Recommended Web Performance Timings: How long is too long?
There are no clear set rules as to what constitutes a slow pace when loading pages, but there are specific guidelines for indicating content will load (1 second), idling (50ms), animating (16.7s) and responding to user input (50 to 200ms).
The 'Under a second' is often touted as optimal for load, but what does that mean? A second should be considered a rule in the maximum amount of time to indicate to a user that the request for new content was made and will load, such as the browser displaying the page title and the background color of the page displaying.
The first asset retrieved from a request is usually an HTML document, which then makes calls for additional assets. As noted in the description of the critical rendering path, when received, browsers immediately start processing the HTML, rendering the content as it is received rather than waiting for additional assets to load.
Yes, one second for loading is a goal, but it's something few sites achieve. Expectations differ. A 'hello world' on the corporate network would be expected to load in milliseconds, but a user downloading a cat video on a five-year-old device over an edge network in northern Siberia would likely find a 20-second download speedy. If you wait three or four seconds without communicating to the user that a load is happening and showing some progress, the typical site will lose potential visitors, and those visitors will take a long time to come back if they ever do.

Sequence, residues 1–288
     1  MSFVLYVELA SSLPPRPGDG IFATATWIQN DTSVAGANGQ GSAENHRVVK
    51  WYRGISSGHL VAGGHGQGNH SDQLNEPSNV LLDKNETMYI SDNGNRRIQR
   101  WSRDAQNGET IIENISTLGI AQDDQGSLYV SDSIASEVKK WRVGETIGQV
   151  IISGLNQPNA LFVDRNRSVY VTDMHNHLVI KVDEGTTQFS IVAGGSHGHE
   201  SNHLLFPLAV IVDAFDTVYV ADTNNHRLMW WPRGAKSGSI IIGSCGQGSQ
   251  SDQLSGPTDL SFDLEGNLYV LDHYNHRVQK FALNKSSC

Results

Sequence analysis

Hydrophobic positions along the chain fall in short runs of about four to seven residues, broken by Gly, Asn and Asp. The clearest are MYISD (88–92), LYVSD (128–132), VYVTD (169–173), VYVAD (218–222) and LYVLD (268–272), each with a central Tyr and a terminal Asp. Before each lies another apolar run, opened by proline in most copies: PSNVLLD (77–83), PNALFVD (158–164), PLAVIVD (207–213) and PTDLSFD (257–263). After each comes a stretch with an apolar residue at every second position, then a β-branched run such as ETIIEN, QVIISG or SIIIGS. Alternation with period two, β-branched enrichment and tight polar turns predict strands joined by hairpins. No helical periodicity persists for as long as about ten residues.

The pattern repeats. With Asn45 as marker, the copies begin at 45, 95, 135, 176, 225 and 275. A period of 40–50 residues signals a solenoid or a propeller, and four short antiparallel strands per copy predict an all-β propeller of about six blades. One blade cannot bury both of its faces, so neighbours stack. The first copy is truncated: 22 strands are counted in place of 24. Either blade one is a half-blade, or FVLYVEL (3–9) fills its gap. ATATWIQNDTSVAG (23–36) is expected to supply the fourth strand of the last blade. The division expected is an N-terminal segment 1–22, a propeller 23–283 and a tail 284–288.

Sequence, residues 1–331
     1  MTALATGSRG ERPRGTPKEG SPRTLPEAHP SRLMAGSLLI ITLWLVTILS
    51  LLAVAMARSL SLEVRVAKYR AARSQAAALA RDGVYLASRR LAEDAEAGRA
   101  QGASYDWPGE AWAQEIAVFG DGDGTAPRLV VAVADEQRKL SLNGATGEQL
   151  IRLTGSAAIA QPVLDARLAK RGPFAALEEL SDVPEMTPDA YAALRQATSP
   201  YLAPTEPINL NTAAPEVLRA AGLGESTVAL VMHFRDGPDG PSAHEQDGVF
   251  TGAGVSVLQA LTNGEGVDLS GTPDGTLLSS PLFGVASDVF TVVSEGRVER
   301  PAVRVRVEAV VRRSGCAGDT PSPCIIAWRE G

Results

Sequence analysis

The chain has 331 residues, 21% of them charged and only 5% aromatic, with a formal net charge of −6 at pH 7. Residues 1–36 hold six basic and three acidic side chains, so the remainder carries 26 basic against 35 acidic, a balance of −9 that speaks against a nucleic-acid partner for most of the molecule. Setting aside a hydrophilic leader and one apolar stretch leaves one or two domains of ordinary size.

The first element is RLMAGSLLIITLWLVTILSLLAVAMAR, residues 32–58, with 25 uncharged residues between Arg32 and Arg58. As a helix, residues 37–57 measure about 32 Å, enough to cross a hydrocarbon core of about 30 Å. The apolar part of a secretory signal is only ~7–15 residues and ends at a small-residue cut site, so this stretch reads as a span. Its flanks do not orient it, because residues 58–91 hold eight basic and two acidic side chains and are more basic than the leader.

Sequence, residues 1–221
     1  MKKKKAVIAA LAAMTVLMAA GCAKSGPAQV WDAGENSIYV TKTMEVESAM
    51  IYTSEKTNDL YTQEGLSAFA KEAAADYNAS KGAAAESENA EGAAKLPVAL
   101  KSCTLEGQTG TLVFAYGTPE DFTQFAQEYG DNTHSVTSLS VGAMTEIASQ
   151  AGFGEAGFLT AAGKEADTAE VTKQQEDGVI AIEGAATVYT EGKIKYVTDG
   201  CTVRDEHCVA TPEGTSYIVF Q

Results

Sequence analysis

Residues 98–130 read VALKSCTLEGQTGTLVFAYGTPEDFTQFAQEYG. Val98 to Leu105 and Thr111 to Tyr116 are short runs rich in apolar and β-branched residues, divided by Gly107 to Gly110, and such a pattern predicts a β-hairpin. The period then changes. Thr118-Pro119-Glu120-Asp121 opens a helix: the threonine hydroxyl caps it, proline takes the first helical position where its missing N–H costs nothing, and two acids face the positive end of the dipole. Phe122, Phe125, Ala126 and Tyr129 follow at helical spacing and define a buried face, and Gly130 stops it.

In optimizing for performance, do set an ambitious first load goal, such as 5 seconds over the mobile 3G network and 1.5 seconds on an office T1 line, with even more ambitious page load goals for subsequent page loads, leveraging service workers and caching. There are different suggested times for initially loading the page versus loading additional assets, responding to user interaction, and ensuring smooth animations:
For scrolling and other animations to look smooth and feel responsive, the content repaints should occur at 60 frames per second (60fps), which is once every 16.7ms. The 16.7 milliseconds includes scripting, reflow, and repaint. Realize a document takes about 6ms to render a frame, leaving about 10ms for the rest. Anything less than 60fps, especially an un-even or changing frame rate, will appear janky.
When the user interacts with content, it is important to provide feedback and acknowledge the user's response or interaction and to do so within 100ms, preferably within 50ms. 50ms seconds feels immediate. The acknowledgment of user interaction should often feel immediate, such as a hover or button press, but that doesn't mean the completed response should be instantaneous. While a slower than 100ms reaction may create a disconnect between the user interaction and the response, a 100 to 200ms transition for a response may help the user notice the response their interaction initiated, such as a menu opening. If a response takes longer than 100ms to complete, provide some form of feedback to inform the user the interaction has occurred.